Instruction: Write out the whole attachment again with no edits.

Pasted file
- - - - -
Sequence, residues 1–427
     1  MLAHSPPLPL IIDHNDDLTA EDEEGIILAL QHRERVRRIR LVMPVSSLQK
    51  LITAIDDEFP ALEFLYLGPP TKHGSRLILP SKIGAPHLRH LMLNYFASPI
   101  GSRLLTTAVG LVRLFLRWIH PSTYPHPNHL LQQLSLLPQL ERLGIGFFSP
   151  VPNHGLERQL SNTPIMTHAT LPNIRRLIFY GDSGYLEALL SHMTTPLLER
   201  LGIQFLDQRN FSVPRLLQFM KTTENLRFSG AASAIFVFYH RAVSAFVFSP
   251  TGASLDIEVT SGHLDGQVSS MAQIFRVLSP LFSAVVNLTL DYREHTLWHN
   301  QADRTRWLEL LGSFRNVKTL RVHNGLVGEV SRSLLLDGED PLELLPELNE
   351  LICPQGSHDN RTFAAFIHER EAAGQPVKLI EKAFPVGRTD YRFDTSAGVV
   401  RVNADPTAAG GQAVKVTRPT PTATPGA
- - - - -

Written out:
Sequence, residues 1–427
     1  MLAHSPPLPL IIDHNDDLTA EDEEGIILAL QHRERVRRIR LVMPVSSLQK
    51  LITAIDDEFP ALEFLYLGPP TKHGSRLILP SKIGAPHLRH LMLNYFASPI
   101  GSRLLTTAVG LVRLFLRWIH PSTYPHPNHL LQQLSLLPQL ERLGIGFFSP
   151  VPNHGLERQL SNTPIMTHAT LPNIRRLIFY GDSGYLEALL SHMTTPLLER
   201  LGIQFLDQRN FSVPRLLQFM KTTENLRFSG AASAIFVFYH RAVSAFVFSP
   251  TGASLDIEVT SGHLDGQVSS MAQIFRVLSP LFSAVVNLTL DYREHTLWHN
   301  QADRTRWLEL LGSFRNVKTL RVHNGLVGEV SRSLLLDGED PLELLPELNE
   351  LICPQGSHDN RTFAAFIHER EAAGQPVKLI EKAFPVGRTD YRFDTSAGVV
   401  RVNADPTAAG GQAVKVTRPT PTATPGA